3. Nobody likes being told that what they enjoy is bad, and nobody should feel bad for liking something that's considered low quality is the issue here.

    The problem with using consensus' and scores as a measure of quality is that it completely ignores the human aspect of measuring quality, mainly personal biases.

    Even if a product is generally deemed low quality, if it has traits that resonate with you on a personal level, you're going to give it way more leeway than other people would.

    The problem I see here is that fandoms love dog piling on people who like the "bad games". There's a sense of elitism in looking down on somebody for liking something that doesn't meet a certain standard of quality. To make it simpler, its literally the equivalent of telling someone they have "shit taste" and discrediting any opinion they have.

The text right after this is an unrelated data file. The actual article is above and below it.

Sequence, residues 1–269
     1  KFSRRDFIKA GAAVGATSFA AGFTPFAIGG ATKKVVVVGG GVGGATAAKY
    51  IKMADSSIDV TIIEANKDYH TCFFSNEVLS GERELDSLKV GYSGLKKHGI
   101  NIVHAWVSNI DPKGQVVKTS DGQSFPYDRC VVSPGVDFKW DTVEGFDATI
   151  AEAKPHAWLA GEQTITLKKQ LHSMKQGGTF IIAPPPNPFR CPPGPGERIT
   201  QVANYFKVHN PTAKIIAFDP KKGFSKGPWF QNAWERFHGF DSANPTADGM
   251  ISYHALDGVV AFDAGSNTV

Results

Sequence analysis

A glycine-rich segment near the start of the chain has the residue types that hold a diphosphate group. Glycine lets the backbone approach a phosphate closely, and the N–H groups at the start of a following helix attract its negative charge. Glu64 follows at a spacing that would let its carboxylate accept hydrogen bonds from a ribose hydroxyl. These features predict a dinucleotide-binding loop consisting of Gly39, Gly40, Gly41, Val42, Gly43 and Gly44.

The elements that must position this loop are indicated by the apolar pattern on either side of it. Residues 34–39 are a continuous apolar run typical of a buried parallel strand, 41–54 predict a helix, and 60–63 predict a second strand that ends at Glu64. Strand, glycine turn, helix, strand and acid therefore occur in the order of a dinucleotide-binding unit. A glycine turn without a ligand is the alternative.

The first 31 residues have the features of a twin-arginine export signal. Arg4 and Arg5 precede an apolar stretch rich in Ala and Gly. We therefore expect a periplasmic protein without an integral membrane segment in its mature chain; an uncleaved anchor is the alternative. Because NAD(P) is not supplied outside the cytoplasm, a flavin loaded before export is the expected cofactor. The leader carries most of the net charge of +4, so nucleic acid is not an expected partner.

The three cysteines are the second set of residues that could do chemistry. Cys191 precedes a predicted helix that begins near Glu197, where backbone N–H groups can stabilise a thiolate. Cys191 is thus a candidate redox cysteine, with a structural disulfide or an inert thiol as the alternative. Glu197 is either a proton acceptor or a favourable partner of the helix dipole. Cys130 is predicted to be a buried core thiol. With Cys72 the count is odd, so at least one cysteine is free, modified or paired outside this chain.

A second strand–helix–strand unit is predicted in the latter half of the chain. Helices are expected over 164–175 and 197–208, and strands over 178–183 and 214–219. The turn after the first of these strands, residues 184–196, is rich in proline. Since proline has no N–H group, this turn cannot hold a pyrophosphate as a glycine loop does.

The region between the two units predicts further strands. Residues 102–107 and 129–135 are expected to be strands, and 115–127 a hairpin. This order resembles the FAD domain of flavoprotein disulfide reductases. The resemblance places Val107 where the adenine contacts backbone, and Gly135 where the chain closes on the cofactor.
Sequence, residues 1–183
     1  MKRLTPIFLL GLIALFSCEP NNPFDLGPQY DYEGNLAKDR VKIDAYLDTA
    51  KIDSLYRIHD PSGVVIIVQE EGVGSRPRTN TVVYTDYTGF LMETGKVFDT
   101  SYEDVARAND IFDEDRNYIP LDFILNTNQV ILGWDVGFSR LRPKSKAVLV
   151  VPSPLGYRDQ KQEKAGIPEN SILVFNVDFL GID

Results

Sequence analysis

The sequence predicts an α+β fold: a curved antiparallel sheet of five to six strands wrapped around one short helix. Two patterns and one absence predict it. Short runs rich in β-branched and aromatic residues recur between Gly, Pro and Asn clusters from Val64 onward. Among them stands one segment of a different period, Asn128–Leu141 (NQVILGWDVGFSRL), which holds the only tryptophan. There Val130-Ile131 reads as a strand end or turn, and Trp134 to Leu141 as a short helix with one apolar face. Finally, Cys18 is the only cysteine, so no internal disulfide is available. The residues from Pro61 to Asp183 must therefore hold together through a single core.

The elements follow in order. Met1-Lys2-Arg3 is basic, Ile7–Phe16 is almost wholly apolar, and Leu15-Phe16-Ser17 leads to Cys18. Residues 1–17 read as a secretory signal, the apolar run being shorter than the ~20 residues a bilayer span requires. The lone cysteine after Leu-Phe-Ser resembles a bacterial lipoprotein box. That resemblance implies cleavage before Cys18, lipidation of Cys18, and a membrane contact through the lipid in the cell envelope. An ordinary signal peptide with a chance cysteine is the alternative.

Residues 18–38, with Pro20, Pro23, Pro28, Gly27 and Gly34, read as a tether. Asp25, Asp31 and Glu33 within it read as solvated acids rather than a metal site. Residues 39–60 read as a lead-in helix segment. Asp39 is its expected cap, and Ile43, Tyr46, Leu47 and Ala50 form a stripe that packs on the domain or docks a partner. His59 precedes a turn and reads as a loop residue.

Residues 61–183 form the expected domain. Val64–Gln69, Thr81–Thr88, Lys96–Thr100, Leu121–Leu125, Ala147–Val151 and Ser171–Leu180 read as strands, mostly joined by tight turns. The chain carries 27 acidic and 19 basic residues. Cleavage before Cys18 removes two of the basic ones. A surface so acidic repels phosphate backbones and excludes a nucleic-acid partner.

So yea, some people might think Black Knight is enjoyable in spite of its problems and that doesn't make their opinions any less valid.


    Think we put a little too much stock into objectivity and ignore the fact that people do in fact have different tastes.
     
  4. Laura

    Laura

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    I don't think people should be shamed for liking bad games. I like Sonic R and that game is dreadful. But I also wouldn't pretend that Sonic R is secretly good. It obviously isn't. It has awful controls, a tiny selection of levels, and is incredibly badly balanced. I think the problem recently is that people try to claim that games they personally like are conventionally good when they obviously aren't.